The spreadsheet. The word processor. Microsoft Outlook. Google Maps. iTunes. These are just a few killer apps - technologies that literally changed the way people do things and improved the world. They're the applications that solved problems, created wealth and continue to make life better for millions. Now, we potentially have another killer app coming in 2018.

OK, actually it's not an app. It's more of a rule. But, depending on how things shakeout, it could have a similar impact for countless small and medium sized companies and the millions of people they employ. It's Association Health Plans. Are you ready for this change?

The rule was announced on January 4th this year by the Department of Labor. It would have a significant impact on the way plans offered by "associations" would be regulated. Of course, it’s part of the Trump Administration's plan to dismantle the Affordable Care Act. But that’s no concern of yours.  Your job, as a business leader, is to put politics aside and look at the facts so you can determine how potential rules like this would affect your business and what actions you should take. So let's do that.

Once upon a time, your trade association was probably allowed to offer health insurance to its members, and because of the size of its buying group it could negotiate lower premiums. The Affordable Care Act - for the most part - did away with that option back in 2010 and since then all employers who offer healthcare benefits to their employees had to purchase the mandated bronze, silver or gold plans - which all offered the same coverages although with different deductibles and out-of-pocket limits - from their insurance agents.

That’s all about to change. Essentially, this rule would allow associations to go back into the business of offering healthcare plans to its members. Here's five big ways it could affect your business:

Associations can be more easily formed.

The definition of "association" has been expanded. Under the proposed rule, an association can include a group of companies related to each other through things like industry or geographic region. In other words, it doesn't have to be a formal trade group - you can band together with others and form your own (with its own set of bylaws and rules) for purposes of buying health insurance.

Freelancers and small businesses can join.                                                      

Associations can only offer plans to their employees, former employees and their families and beneficiaries. But people that run very small businesses (self-employed "working owners" that meet certain minimum requirements) can also be considered "employees" of their companies and join an association to take advantage of potentially lower premiums. The definition of self-employed, working owners and employers is still being worked on.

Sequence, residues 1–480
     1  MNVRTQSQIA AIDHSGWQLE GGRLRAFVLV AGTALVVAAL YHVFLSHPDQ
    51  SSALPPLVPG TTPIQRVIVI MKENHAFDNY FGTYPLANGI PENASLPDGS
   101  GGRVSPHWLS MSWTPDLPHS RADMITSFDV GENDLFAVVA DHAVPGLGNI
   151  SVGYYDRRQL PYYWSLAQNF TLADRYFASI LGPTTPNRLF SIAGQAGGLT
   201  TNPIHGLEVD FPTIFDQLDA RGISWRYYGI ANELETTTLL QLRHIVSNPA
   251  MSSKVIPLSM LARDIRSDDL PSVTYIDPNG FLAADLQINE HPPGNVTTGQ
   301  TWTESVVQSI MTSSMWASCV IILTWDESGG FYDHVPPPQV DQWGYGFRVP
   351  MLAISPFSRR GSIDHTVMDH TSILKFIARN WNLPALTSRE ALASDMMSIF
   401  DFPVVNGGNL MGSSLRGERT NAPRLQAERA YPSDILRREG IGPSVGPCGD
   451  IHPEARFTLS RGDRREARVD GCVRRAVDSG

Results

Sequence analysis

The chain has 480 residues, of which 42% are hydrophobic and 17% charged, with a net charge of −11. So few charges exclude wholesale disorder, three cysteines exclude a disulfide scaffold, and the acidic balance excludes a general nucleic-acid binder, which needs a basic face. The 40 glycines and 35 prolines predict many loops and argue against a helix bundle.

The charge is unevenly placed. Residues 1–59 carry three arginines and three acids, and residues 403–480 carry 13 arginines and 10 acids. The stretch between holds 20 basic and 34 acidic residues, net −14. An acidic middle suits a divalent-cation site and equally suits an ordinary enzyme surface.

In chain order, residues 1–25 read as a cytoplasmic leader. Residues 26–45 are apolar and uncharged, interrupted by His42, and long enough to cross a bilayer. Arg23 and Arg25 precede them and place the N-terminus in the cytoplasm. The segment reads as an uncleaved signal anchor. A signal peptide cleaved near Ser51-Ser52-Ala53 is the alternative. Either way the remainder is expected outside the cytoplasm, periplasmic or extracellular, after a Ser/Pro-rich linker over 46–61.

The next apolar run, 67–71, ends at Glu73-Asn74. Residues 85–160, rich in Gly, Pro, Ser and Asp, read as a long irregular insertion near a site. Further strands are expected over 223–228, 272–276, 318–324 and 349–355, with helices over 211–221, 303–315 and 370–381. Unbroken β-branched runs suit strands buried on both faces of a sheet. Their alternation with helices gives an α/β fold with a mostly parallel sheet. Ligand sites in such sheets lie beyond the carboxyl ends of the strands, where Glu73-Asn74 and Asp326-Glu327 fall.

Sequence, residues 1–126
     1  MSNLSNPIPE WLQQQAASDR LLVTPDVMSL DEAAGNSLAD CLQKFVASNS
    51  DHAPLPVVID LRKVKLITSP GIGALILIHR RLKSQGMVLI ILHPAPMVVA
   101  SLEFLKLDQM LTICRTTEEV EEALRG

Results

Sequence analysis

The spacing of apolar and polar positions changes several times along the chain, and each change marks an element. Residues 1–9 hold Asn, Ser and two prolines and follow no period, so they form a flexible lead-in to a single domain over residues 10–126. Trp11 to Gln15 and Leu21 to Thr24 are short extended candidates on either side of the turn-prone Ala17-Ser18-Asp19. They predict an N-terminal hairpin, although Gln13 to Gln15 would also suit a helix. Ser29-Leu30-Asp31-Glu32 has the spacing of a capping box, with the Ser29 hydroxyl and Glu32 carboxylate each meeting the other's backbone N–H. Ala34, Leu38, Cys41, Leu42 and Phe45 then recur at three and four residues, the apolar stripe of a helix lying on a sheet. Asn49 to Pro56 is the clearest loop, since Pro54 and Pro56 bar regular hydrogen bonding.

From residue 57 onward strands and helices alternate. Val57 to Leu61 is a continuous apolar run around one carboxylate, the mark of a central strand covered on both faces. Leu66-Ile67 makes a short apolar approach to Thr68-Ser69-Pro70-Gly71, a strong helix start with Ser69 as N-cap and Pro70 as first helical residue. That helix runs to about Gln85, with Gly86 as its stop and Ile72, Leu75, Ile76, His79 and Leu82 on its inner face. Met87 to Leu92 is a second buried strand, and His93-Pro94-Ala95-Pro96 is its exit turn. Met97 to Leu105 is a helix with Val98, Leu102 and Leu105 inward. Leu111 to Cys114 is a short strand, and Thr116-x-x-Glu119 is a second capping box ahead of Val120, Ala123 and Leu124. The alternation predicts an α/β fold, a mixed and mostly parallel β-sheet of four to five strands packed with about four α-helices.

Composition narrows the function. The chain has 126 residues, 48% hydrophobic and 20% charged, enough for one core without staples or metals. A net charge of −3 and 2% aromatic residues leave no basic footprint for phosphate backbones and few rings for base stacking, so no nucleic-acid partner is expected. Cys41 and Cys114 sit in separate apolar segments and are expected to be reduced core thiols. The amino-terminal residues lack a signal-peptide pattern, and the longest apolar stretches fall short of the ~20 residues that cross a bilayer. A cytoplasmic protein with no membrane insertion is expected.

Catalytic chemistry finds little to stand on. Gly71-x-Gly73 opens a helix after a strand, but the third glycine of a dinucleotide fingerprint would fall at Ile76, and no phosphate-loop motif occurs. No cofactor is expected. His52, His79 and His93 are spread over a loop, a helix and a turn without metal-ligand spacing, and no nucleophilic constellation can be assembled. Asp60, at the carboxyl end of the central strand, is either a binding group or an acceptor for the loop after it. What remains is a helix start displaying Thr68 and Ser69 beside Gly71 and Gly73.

Taxes and reporting requirements remain the same.

Regardless of whether you're running an established business with employees or you're one of the self-employed "working owners" with few or no employees, the proposed rules makes no change to the tax treatment of health insurance premiums paid: they're still deductible. For the most part, the reporting requirements under current rules for health plans would also be mostly unchanged.

Premiums could be better controlled.

The Affordable Care Act's essential health coverages imposed on the insurance industry are part of the reason why rates have continued to increase over the past seven years. However, the law exempts larger organizations from offering these mandated benefits - like mental health and pediatric services - if they meet certain requirements. The idea behind association health plans is to let smaller companies band together to form a larger organization that can take advantage of some of these exemptions and therefore reduce their premiums. Supporters also believe that, by banding together, coverages would be less expensive because of the association's buying power, bargaining position, economies of scale and through lower administration costs.

Certain employee protections remain intact.

Under the proposed rule, associations cannot deny membership due to any health factor (like medical history, genetic information, a disability or evidence of insurability) for any member and their family. There are also non-discrimination rules in place to ensure that one employer can't get better rates over another based on their employees' medical history.

Yes, there are definite downsides.

Remember - this is still a proposed rule and it’s open to comment through March 4th. Because this is not legislation, it’s subject to change depending on which party is in power and lawsuits are likely to follow. Like anything new where the details are still being ironed out, the likelihood of fraud and unscrupulous activities is significant. Enforcement will be a challenge. Rates for people in the individual market, if healthier people are drawn to these new plans, could go up. Subsidies currently received by some could be put in jeopardy. Employee protections and many essential benefits - particularly if more associations get exempted because they’ve become a larger group - could be lost to employees. And, of course, individual states may decide to take different paths and challenge the rule's legality.

But here's the thing: if this rule becomes effective the business community has a chance to have more say over its healthcare expenses and hopefully bring these costs under better control. If successful over the next few years, the plans could become more popular which would increase the likelihood of it becoming law.

Let's hope so. Healthcare really needs a killer app - and like any good app, even if there are a few bugs.